As a group, these invasive species have caused untold amounts of damage to the forests in Georgia. Quantifying the impact is, however, complicated. Acres not used due to infestations? Income not realized because of harvesting hardships? Revenue lost to treatment efforts?
A number of strategies and partnerships are being utilized by the GFC to help mitigate the spread of these unwelcome plants, beginning with their point of entry into Georgia.
United States Customs and Border Protection Agriculture Specialists are on the front line at ports of entry, including Savannah, GA. Specialists check containers, shipments, vessels and equipment for smuggled agricultural products or packaging materials that might contain invasive species that could harm American agriculture and the environment.
“We look for anything that is out of place, looks odd or is moving,” said Milton King, U.S. Customs and Border Protection Supervisor Agriculture Specialist at Savannah Seaport. “The most common regulated plant materials found are federal noxious weeds, hitch-hiking insect and wood-boring pests, prohibited plants and prohibited animal products.”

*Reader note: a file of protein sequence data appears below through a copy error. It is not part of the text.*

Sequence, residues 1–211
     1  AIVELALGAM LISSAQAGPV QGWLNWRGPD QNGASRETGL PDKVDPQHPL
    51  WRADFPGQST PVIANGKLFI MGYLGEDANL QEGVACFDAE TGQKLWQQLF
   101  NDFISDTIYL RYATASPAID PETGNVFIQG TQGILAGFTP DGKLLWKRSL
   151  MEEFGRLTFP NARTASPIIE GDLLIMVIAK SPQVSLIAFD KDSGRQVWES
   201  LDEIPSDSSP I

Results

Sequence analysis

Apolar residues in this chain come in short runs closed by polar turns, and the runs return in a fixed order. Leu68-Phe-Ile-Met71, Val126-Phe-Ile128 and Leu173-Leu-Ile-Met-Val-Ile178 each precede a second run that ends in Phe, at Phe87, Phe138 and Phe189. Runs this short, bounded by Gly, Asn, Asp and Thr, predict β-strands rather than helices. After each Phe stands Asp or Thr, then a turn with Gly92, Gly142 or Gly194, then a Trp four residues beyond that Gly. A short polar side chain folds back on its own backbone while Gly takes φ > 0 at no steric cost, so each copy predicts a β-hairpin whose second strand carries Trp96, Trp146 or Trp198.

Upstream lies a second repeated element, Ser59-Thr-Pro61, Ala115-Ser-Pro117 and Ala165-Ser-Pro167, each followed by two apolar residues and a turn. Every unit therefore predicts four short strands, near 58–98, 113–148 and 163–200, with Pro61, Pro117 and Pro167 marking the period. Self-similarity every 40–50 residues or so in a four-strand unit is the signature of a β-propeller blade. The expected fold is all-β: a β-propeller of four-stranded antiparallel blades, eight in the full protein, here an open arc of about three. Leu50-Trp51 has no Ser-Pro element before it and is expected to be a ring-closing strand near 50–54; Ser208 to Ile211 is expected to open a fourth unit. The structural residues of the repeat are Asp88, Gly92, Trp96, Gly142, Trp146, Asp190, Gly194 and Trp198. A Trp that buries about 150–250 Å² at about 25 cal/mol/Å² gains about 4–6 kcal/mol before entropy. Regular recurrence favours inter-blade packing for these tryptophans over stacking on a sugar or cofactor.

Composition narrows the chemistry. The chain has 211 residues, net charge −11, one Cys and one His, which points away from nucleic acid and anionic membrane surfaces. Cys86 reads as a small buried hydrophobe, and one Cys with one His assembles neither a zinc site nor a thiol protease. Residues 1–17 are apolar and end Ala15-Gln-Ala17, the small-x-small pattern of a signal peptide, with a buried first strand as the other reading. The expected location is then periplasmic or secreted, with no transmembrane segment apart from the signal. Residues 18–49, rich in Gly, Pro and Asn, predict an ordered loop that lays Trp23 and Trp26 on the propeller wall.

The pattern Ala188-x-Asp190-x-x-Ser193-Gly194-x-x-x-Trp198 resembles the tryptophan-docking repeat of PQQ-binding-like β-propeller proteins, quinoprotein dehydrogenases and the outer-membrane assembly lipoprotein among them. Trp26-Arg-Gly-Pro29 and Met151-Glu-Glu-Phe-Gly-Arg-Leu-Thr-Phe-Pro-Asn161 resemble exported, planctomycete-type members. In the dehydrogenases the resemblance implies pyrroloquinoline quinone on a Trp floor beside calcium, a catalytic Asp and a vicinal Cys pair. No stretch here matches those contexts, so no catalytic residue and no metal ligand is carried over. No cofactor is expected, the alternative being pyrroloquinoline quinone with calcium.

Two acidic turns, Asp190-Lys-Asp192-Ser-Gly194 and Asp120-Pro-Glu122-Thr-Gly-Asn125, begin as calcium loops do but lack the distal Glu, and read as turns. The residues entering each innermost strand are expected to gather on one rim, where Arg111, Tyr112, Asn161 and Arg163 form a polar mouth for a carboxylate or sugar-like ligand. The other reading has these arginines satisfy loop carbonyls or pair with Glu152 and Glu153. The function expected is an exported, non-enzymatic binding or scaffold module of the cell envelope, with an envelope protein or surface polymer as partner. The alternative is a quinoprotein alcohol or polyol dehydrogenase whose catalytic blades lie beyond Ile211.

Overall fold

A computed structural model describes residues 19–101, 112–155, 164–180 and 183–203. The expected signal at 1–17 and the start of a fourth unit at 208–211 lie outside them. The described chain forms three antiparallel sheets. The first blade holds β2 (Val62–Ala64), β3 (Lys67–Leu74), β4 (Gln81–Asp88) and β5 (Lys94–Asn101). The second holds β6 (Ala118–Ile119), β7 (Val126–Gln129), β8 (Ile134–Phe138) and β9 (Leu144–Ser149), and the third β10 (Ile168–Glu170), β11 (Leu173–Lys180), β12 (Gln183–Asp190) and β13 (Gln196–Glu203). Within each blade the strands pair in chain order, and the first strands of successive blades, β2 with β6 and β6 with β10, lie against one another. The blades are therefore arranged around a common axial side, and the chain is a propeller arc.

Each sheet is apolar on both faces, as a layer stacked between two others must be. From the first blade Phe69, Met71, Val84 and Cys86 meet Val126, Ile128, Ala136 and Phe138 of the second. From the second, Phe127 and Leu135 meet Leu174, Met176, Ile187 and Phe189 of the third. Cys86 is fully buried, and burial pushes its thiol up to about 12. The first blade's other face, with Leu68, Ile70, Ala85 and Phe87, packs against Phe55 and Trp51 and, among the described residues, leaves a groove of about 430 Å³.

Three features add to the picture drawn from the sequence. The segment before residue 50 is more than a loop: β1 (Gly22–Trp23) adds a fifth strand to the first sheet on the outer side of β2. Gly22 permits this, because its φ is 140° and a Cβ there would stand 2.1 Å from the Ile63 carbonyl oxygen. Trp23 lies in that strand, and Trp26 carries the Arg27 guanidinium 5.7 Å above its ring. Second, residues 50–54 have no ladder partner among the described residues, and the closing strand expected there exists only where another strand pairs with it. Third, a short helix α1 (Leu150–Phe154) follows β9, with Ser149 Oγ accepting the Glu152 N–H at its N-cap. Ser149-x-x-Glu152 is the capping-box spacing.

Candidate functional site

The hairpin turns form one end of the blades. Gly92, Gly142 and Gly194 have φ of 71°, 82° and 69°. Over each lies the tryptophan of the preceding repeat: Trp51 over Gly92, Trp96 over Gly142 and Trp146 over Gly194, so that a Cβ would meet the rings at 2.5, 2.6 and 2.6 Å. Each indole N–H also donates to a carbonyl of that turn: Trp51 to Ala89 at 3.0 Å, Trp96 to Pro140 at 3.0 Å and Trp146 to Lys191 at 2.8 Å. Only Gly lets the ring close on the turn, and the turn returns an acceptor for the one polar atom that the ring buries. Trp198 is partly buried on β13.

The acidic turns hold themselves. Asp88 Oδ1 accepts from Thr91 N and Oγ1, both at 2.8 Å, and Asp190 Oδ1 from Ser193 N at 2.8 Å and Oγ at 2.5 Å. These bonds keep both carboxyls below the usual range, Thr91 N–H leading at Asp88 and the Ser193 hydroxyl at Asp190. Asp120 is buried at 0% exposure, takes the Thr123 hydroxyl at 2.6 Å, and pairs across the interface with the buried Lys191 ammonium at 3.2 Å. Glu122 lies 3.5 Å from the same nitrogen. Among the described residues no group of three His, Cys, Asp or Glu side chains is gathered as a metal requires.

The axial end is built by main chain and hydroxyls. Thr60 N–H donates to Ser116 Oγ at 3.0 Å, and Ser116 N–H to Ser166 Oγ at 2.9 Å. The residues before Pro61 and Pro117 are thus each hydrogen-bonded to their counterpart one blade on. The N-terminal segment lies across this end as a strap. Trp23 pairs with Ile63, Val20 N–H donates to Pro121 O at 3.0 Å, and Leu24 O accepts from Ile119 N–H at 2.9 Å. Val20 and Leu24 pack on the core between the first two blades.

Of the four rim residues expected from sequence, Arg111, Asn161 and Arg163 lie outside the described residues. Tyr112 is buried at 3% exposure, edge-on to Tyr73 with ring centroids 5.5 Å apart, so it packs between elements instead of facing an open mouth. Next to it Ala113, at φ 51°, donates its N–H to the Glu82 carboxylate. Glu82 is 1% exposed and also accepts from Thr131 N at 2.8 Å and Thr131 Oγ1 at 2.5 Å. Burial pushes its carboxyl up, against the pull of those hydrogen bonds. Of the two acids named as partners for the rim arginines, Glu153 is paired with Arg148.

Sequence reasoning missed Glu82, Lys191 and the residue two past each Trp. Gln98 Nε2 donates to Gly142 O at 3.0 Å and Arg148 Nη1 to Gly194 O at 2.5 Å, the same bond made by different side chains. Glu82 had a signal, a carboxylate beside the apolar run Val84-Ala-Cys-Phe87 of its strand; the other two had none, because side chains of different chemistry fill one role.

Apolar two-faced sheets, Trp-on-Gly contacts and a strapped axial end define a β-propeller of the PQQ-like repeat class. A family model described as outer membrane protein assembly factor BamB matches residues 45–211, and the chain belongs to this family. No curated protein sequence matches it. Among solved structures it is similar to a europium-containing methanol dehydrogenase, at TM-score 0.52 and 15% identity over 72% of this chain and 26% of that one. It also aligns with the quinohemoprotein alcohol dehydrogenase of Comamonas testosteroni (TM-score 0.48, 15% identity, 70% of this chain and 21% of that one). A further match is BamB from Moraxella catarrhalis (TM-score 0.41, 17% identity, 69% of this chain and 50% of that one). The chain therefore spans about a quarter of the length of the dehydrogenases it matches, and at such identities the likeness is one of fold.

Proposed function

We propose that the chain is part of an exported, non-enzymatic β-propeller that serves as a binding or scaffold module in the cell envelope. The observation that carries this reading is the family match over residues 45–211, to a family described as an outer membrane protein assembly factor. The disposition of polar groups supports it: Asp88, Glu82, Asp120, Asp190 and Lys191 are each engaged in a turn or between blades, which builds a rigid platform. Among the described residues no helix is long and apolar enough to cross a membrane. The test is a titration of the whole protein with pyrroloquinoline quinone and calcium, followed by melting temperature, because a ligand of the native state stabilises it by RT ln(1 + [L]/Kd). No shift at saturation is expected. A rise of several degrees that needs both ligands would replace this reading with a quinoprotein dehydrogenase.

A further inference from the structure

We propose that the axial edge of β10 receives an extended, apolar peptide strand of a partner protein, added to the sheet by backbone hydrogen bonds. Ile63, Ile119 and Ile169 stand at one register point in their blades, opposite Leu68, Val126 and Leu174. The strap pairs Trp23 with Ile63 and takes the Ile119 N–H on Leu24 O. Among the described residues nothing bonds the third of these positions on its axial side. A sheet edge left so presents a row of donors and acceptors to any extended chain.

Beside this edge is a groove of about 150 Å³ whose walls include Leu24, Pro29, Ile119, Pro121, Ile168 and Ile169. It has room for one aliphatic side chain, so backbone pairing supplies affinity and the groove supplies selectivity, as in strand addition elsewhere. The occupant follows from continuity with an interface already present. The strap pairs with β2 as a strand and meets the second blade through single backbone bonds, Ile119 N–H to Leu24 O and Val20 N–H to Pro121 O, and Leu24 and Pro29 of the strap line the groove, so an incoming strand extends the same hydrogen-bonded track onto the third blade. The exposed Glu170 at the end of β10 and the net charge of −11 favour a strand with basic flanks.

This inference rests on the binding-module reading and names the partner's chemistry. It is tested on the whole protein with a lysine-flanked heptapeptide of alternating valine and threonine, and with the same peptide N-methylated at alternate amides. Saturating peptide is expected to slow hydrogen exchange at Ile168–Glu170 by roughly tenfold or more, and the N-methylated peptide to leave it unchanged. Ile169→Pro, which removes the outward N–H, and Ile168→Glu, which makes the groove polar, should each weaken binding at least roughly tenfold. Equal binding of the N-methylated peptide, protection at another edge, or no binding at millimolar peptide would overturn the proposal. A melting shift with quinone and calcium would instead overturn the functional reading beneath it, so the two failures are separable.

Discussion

GFC Forest Health Specialist Chris Barnes calls the Savannah and southeastern area of the state “the Bermuda Triangle of invasive species.” He works to foster good relations with port contacts and pays special attention to the transportation corridors and destination warehouses.
“I visit as many warehouses as I can and bring brochures to help folks understand what we’re looking for,” Barnes said. “At first they were a little unsure, but they realize now we have a common interest; we’re trying to protect what’s here. Now they call me when they spot something unusual.”
The Battle Plan Is Mapped Partnerships and teamwork are crucial to the fight against species that disrupt the forest ecosystem. The GFC is a member of the Georgia Invasive Species Task Force, which meets quarterly to discuss the status of invasive species activity around the state. The group also includes members from the Georgia Department of Natural Resources, the University of Georgia and the Georgia Department of Agriculture.
“It’s important that we stay abreast of everything our members are discovering and working on,” said GFC Forest Health Coordinator Lynne Womack.